RELEASE: Post-War and Contemporary Art Evening Sale - 28 June 2011, London

The Post-War and Contemporary Art Evening Auction realized £78,817,050 / $125,792,012 / €87,959,828 and was 82% sold by lot (pre-sale estimate: £55,320,000 to £76,770,000).


The Post-War and Contemporary Art Evening Auction at Christie’s in London realized £78,817,050 / $125,792,012     / €87,959,828 and was 82% sold by lot (pre-sale estimate: £55,320,000 to £76,770,000). This is the second highest total for the category at Christie’s in London. The top lot was Study for a Portrait, 1953, by Francis Bacon which sold for £17,961,250 / $28,666,155 / €20,044,755 against an estimate in the region of £11 million.

19 lots sold for over £1 million (25 over $1 million). Buyers came from 16 different countries and the breakdown (by lot / by origin) was 59% Europe including UK, 26% Americas and 15% Asia. 5 artist records were set; for Juan Muñoz, Ron Mueck, Paula Rego, Domenico Gnoli and Miquel Barceló, who set a record for any living Spanish artist.

Francis Outred, Head of Post-War and Contemporary Art, Christie’s Europe: “We saw global competition for works of great quality with a particular appetite for those sourced from private collections. We offered works representing 14 nationalities and attracted buyers from 16 countries; this diversity is breaking down boundaries and creating a competitive arena where collectors are being introduced to and bidding for works independent of their origin. We are extremely pleased to have established a world record price for a work of art by a living Spanish artist with Barceló’s sublime bullfight painting, particularly as this follows the success of the auction here in February when we established a world record price for a living French artist with Martial Raysse. British art was at the core of the auction – the Kay Saatchi collection kicked off the evening, far exceeding expectations and setting record prices for Ron Mueck and Paula Rego. This was followed by strong prices for Freud, Doig and of course Francis Bacon whose ‘Study for a Portrait’ attracted determined bidding and sold for £18 million, becoming the 2nd most valuable work to be sold at an auction of Post-War and Contemporary Art at Christie’s in London.”

Highlights of the sale:

  • Study for a Portrait, 1953, by Francis Bacon (1909-1992) sold for £17,961,250 / $28,666,155 / €20,044,755 – the second highest price for any work sold at a Post-War and Contemporary art auction at Christie’s in London. A masterpiece painted at a highly influential period of his career, it was offered at auction for the first time having been in the possession of the vendor since 1984. From 1951 to 1953 Bacon rented a studio at the Royal College of Art where he executed some of his most celebrated works including his definitive series of Popes and his first portrait triptych. This was the last work that he realized at this studio. Study for a Portrait was previously in the possession of Rodrigo Moynihan, a pioneer of abstract painting in the 1930’s and Louis Le Brocquy, one of Ireland’s most important painters of the 20th century and a great friend of Francis Bacon.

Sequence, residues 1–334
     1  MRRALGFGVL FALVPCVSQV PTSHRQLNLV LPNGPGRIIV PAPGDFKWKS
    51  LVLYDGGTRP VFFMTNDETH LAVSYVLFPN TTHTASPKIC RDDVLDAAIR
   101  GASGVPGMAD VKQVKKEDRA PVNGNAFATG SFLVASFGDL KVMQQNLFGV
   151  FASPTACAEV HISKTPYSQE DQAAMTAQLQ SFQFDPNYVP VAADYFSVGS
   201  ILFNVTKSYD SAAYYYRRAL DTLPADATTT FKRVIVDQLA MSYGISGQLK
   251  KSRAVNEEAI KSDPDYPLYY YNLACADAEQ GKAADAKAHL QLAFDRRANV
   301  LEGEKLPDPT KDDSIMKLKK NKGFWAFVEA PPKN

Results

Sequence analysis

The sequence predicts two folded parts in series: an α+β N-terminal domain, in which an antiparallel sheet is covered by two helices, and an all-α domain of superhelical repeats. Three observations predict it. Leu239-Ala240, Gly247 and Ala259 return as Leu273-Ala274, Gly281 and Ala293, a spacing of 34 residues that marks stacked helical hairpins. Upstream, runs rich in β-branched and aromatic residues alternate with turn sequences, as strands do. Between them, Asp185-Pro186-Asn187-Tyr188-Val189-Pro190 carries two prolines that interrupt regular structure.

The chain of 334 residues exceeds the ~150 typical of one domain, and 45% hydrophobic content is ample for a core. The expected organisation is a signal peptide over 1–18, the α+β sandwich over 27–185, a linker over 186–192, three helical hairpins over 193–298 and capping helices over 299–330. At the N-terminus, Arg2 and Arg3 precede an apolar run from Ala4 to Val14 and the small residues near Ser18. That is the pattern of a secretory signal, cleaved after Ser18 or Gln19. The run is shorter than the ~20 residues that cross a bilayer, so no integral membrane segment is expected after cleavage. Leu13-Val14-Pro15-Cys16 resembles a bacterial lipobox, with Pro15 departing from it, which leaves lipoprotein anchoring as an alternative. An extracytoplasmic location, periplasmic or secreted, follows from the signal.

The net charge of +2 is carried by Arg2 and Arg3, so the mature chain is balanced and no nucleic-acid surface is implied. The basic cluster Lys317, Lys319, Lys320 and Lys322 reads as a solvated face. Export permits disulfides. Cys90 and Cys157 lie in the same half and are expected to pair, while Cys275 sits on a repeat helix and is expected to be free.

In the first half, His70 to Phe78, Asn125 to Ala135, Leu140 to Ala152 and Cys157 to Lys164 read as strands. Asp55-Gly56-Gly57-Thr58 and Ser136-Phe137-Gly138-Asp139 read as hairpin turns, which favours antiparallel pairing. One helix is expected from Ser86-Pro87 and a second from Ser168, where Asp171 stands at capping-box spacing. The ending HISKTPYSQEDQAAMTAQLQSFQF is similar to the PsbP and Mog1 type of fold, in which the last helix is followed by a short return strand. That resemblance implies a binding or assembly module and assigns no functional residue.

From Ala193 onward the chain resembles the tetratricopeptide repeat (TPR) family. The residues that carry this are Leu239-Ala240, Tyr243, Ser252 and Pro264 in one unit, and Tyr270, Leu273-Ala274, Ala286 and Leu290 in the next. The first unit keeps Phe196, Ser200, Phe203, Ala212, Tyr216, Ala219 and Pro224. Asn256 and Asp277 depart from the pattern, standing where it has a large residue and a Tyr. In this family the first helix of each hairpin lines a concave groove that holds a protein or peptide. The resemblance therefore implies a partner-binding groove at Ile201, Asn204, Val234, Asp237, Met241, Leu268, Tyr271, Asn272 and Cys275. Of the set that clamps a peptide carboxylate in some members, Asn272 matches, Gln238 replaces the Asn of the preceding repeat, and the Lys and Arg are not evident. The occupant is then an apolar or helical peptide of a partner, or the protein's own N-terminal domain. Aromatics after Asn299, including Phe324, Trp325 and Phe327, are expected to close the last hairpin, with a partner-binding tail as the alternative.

• Mao, 1973, by Andy Warhol (1928-1987) sold for £6,985,250 / $11,148,459 / €7,795,539. A brilliant large-scale portrait and one of the most powerful and enduring of all the artist’s images, this work had been exhibited at the artist’s landmark exhibition of Mao paintings at Musée Galliera in 1974.


  • Red Boat (Imaginary Boys), 2003-04, by Peter Doig (b.1959) sold for £6,201,250 / $ 9,897,195 / €6,920,595. Arguably the finest painting made by the artist this century, it was estimated to realize £1.4 million to £1.8 million. It was bought by an anonymous bidder on the telephone.


  •  Woman Smiling, 1958-59, by Lucian Freud (b.1922) sold for £4,745,250 / $7,573,419 / €5,295,699. A landmark portrait described by esteemed art critic Robert Hughes as the turning point in the artist’s career, it is the only single portrait of Suzy Boyt, the woman who was to mother four of the artist’s children. Formerly in collection of Mrs. Ian Fleming, the wife of the author best known for creating the British spy James Bond, it was last sold at auction at Christie’s in 1973 when it realised £5,040.


  • Faena de muleta, 1990, by Miquel Barceló (b.1957) sold for £3,961,250 / $6,322,155 / €4,420,755 – a world record price for the artist at auction and a record price for any living Spanish artist. By far the largest and most important example of the artist’s celebrated bullfight paintings ever to come to auction, it had been expected to realize £1.5 million to £2 million.


  • Seven works from the collection of Kay Saatchi sold for a total of £3,992,750 / $6,372,429 / €4,455,909 (pre-sale estimate: £2.1 million to £2.8 million). The collection was led by Lucian Freud’s Rabbit on a Chair which drew multiple bids and realized £1,049,250 / $1,674,603 / €1,170,963 (estimate: £300,000 to £400,000). Ron Mueck’s (b.1958) larger than life sculpture Big Baby sold for £825,250 / $1,317,099 / €920,979 – a world record price for the artist. The collection also included Looking Back by Ron Mueck’s mother-in-law, Paula Rego (b.1935); it sold for £769,250 / $1,227,723 / €858,483 – a world record price for her work at auction.


The Post-War and Contemporary Art Day Auction will take place on Wednesday 29 June 2011 and will offer 251 lots with a combined pre-sale estimate of £12,402,500 to £17,357,000.


Full results can be found at the following link:


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